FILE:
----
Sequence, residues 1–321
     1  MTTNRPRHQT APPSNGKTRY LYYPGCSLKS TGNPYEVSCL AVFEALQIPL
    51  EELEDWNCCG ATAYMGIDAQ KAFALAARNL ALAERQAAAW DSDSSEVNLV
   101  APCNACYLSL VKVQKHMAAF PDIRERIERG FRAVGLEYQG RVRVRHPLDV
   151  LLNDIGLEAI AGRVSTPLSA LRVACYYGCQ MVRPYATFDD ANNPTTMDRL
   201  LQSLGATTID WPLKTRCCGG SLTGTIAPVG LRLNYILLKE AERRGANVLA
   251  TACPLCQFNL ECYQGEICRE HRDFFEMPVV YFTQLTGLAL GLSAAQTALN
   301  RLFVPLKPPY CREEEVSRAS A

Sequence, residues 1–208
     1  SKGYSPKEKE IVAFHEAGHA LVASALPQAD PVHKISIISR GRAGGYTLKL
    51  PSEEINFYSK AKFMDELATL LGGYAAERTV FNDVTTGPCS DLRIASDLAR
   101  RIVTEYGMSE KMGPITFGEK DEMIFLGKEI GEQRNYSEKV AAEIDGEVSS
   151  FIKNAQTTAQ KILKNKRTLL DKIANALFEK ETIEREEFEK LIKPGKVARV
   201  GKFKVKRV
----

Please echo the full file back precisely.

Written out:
Sequence, residues 1–321
     1  MTTNRPRHQT APPSNGKTRY LYYPGCSLKS TGNPYEVSCL AVFEALQIPL
    51  EELEDWNCCG ATAYMGIDAQ KAFALAARNL ALAERQAAAW DSDSSEVNLV
   101  APCNACYLSL VKVQKHMAAF PDIRERIERG FRAVGLEYQG RVRVRHPLDV
   151  LLNDIGLEAI AGRVSTPLSA LRVACYYGCQ MVRPYATFDD ANNPTTMDRL
   201  LQSLGATTID WPLKTRCCGG SLTGTIAPVG LRLNYILLKE AERRGANVLA
   251  TACPLCQFNL ECYQGEICRE HRDFFEMPVV YFTQLTGLAL GLSAAQTALN
   301  RLFVPLKPPY CREEEVSRAS A

Sequence, residues 1–208
     1  SKGYSPKEKE IVAFHEAGHA LVASALPQAD PVHKISIISR GRAGGYTLKL
    51  PSEEINFYSK AKFMDELATL LGGYAAERTV FNDVTTGPCS DLRIASDLAR
   101  RIVTEYGMSE KMGPITFGEK DEMIFLGKEI GEQRNYSEKV AAEIDGEVSS
   151  FIKNAQTTAQ KILKNKRTLL DKIANALFEK ETIEREEFEK LIKPGKVARV
   201  GKFKVKRV